Two disabled people are challenging the Department of Health at the High Court this week over the bar on them receiving direct payments.
As continuing care patients living at home, Steven Harrison and Valerie Garnham are denied direct payments because their care is funded by the NHS rather than councils.
However, on Thursday their lawyers will argue that continuing care patients can lawfully be provided with direct payments and that current arrangements breach the European Convention on Human Rights.
Specifically, they will claim that Harrison and Garnham’s rights to private and family life and to protection from disability discrimination have been breached.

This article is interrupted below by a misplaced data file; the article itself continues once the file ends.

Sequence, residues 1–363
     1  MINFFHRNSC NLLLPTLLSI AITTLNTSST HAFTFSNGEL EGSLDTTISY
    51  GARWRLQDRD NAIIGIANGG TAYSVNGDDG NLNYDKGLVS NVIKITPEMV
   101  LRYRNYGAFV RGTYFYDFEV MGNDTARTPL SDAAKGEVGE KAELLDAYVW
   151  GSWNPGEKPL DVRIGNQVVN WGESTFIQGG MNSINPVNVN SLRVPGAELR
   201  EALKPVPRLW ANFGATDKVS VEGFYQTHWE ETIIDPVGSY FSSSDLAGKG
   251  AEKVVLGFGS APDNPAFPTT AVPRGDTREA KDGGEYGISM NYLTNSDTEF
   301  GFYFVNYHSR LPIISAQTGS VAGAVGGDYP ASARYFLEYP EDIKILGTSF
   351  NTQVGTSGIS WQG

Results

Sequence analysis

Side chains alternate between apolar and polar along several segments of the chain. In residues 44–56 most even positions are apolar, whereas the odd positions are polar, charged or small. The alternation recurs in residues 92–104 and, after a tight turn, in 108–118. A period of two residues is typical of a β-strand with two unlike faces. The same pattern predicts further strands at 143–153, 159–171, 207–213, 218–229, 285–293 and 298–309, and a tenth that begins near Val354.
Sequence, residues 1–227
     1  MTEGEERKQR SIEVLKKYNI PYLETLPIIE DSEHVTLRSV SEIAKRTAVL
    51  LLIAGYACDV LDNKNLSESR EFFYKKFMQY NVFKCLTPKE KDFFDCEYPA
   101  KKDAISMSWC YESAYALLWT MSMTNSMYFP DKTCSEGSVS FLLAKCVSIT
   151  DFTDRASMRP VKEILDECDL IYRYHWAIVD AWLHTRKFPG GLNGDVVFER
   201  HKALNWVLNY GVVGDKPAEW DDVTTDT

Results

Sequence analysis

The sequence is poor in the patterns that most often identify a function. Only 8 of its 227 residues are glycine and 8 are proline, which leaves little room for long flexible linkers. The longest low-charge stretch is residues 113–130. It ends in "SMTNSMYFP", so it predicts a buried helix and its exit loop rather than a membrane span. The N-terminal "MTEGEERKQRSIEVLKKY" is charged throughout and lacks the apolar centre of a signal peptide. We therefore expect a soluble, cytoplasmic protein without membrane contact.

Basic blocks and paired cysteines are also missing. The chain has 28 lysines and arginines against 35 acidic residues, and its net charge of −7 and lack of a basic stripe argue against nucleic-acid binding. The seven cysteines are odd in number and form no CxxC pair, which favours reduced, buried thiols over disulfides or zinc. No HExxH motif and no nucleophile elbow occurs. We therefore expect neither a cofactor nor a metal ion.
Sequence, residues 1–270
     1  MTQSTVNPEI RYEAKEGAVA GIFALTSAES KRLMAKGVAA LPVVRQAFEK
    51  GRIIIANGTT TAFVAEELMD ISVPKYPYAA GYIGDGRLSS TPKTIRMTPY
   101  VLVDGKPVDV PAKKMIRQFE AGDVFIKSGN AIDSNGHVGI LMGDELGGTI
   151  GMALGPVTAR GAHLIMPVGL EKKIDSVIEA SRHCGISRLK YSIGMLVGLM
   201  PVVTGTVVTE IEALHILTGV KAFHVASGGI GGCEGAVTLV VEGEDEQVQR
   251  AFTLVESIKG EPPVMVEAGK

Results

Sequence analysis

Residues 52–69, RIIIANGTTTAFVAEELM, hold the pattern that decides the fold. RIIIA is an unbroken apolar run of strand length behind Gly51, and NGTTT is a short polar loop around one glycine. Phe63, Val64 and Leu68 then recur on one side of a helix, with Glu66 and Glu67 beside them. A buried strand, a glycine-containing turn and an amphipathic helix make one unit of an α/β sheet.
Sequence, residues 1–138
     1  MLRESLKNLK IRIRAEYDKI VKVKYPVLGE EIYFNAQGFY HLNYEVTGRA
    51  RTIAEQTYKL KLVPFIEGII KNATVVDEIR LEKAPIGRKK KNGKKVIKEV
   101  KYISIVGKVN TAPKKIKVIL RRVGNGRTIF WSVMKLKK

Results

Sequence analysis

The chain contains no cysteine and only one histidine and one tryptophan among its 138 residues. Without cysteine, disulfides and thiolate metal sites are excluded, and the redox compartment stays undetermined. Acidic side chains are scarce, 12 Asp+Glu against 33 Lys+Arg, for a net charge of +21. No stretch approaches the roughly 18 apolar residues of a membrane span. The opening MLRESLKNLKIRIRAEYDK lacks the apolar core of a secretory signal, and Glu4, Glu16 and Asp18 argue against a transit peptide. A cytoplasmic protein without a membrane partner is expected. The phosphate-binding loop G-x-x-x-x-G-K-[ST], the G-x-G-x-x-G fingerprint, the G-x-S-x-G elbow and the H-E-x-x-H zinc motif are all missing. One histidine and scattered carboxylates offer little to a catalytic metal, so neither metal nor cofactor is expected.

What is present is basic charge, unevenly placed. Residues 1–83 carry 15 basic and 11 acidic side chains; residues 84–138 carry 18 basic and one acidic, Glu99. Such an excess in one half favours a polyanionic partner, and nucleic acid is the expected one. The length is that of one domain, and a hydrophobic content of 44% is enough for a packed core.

Harrison, who broke his neck in 1998 in a diving accident, received direct payments until 2005, but he was then reassessed as having a health need and started receiving continuing care, losing eligibility to direct payments.
The case comes with the government legislating in the current Health Bill to enable NHS patients to receive direct payments. The legislation will be used to pilot personal health budgets for people with long-term conditions.
However, Harrison’s solicitor, Lindsey Rhodes, said: “We do not think this is a matter that can be put off while the Department of Health seeks a change in legislation and introduces pilot schemes on a gradual basis. That pace of change is too little too late for people whose quality of life and right to live independently is compromised now.”